Does your employer provide you with group term life insurance? If so, and if the coverage is higher than $50,000, this employee benefit may create undesirable income tax consequences for you.
The first $50,000 of group term life insurance coverage that your employer provides is excluded from taxable income and doesn’t add anything to your income tax bill. But the employer-paid cost of group term coverage in excess of $50,000 is taxable income to you. It’s included in the taxable wages reported on your Form W-2 — even though you never actually receive it. In other words, it’s “phantom income.”
What’s worse, the cost of group term insurance must be determined under a table prepared by IRS even if the employer’s actual cost is less than the cost figured under the table. Under these determinations, the amount of taxable phantom income attributed to an older employee is often higher than the premium the employee would pay for comparable coverage under an individual term policy. This tax trap gets worse as the employee gets older and as the amount of his or her compensation increases.
Check your W-2
What should you do if you think the tax cost of employer-provided group term life insurance is undesirably high? First, you should establish if this is actually the case. If a specific dollar amount appears in Box 12 of your Form W-2 (with code “C”), that dollar amount represents your employer’s cost of providing you with group-term life insurance coverage in excess of $50,000, less any amount you paid for the coverage. You’re responsible for federal, state and local taxes on the amount that appears in Box 12 and for the associated Social Security and Medicare taxes as well.
But keep in mind that the amount in Box 12 is already included as part of your total “Wages, tips and other compensation” in Box 1 of the W-2, and it’s the Box 1 amount that’s reported on your tax return
Consider some options
If you decide that the tax cost is too high for the benefit you’re getting in return, you should find out whether your employer has a “carve-out” plan (a plan that carves out selected employees from group term coverage) or, if not, whether it would be willing to create one. There are several different types of carve-out plans that employers can offer to their employees.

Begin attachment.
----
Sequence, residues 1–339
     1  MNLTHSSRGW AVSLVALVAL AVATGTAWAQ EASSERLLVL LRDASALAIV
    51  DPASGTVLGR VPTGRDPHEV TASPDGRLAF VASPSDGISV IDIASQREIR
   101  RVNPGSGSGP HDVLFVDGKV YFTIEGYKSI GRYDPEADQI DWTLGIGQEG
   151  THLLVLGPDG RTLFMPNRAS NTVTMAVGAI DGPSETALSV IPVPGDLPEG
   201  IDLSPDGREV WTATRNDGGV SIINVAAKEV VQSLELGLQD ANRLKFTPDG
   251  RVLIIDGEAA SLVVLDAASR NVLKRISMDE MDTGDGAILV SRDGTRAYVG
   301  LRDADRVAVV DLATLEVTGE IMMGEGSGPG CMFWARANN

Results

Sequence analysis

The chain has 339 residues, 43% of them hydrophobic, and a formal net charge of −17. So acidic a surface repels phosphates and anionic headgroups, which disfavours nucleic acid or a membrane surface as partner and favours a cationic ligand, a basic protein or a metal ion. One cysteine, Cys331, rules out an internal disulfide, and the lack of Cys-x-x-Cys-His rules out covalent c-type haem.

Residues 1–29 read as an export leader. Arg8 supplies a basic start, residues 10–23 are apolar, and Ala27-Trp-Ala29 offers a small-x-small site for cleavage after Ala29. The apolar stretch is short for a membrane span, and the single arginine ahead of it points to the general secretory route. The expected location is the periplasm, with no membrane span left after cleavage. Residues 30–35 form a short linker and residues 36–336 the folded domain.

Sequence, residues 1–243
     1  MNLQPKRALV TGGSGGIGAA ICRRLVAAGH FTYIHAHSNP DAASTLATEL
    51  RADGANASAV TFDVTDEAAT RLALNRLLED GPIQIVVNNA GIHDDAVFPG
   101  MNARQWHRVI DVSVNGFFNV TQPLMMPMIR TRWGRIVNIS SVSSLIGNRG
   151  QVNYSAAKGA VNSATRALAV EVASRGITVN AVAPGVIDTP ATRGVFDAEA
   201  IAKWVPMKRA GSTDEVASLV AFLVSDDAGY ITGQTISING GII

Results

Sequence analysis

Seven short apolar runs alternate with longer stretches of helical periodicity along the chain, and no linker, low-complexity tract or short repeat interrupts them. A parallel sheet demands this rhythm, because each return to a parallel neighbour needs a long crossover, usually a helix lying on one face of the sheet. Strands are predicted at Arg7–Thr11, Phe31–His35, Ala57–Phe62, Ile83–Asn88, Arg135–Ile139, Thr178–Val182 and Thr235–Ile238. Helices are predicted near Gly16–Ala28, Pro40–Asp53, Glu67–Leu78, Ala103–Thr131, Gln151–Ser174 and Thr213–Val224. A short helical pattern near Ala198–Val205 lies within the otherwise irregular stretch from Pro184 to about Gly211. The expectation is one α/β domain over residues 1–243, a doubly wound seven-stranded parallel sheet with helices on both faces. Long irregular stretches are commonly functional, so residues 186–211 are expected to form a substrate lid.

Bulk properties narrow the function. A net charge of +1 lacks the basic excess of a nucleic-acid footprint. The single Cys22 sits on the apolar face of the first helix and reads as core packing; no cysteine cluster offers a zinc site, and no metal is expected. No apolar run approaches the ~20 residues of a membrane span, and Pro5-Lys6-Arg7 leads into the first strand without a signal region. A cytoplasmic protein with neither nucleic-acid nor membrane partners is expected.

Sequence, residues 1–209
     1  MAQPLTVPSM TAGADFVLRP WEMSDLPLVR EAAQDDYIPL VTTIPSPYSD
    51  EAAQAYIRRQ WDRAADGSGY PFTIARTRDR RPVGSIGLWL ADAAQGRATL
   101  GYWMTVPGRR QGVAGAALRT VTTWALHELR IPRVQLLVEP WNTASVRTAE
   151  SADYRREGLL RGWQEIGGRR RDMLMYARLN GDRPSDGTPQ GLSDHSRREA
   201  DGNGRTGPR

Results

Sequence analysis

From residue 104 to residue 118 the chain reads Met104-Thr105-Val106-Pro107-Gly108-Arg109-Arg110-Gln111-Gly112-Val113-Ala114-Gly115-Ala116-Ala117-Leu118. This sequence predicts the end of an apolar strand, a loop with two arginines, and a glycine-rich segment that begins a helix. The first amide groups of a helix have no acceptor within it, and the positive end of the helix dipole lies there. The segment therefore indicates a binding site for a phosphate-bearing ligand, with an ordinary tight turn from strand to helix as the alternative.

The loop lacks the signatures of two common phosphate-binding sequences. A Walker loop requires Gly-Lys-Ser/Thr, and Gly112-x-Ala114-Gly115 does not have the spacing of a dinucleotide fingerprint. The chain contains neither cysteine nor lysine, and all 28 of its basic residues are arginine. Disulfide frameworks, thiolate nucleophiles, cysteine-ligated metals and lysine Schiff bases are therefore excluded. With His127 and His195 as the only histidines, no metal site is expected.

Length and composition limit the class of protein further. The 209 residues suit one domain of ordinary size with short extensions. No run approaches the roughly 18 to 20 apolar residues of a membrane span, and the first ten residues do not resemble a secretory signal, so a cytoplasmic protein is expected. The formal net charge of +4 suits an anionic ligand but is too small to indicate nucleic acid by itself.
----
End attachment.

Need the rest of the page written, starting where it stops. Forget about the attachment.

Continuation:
For example, the employer can continue to provide $50,000 of group term insurance (since there’s no tax cost for the first $50,000 of coverage). Then, the employer can either provide the employee with an individual policy for the balance of the coverage, or give the employee the amount the employer would have spent for the excess coverage as a cash bonus that the employee can use to pay the premiums on an individual policy.
Contact us if you have questions about group term coverage or how much it is adding to your tax bill.
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For years, life insurance has played a critical role in estate planning, providing a source of liquidity to pay estate taxes and other expenses. Today, the gift and estate tax exemption has climbed to $11.4 million, so estate taxes are no longer a concern for the vast majority of families. But even for nontaxable estates, life insurance continues to offer estate planning benefits.
Replacing income and wealth
Life insurance can protect your family by replacing your lost income. It can also be used to replace wealth in a variety of contexts. For example, suppose you own highly appreciated real estate or other assets and wish to dispose of them without generating current capital gains tax liability. One option is to contribute the assets to a charitable remainder trust (CRT).
As a tax-exempt entity, the CRT can sell the assets and reinvest the proceeds without triggering capital gains tax. In addition, you and your spouse will enjoy an income stream and charitable income tax deductions. Typically, distributions you receive from the CRT are treated as a combination of ordinary taxable income, capital gains, tax-exempt income and tax-free return of principal.
After you and your spouse die, the remaining trust assets pass to charity. This will reduce the amount of wealth available to your children or other heirs. But you can use life insurance (a cost-effective second-to-die policy, for example) to replace that lost wealth.
You can also use life insurance to replace wealth that’s lost to long term care (LTC) expenses, such as nursing home costs, for you or your spouse. Although LTC insurance is available, it can be expensive, especially if you’re already beyond retirement age. For many people, a better option is to use personal savings and investments to fund their LTC needs and to purchase life insurance to replace the money that’s spent on such care. One advantage of this approach is that, if neither you nor your spouse needs LTC, your heirs will enjoy a windfall.
Finding the right policy
These are just a few examples of the many benefits provided by life insurance. We can help determine which type of life insurance policy is right for your situation. 205-345-9898 or email@example.com.
© 2019 CovenantCPA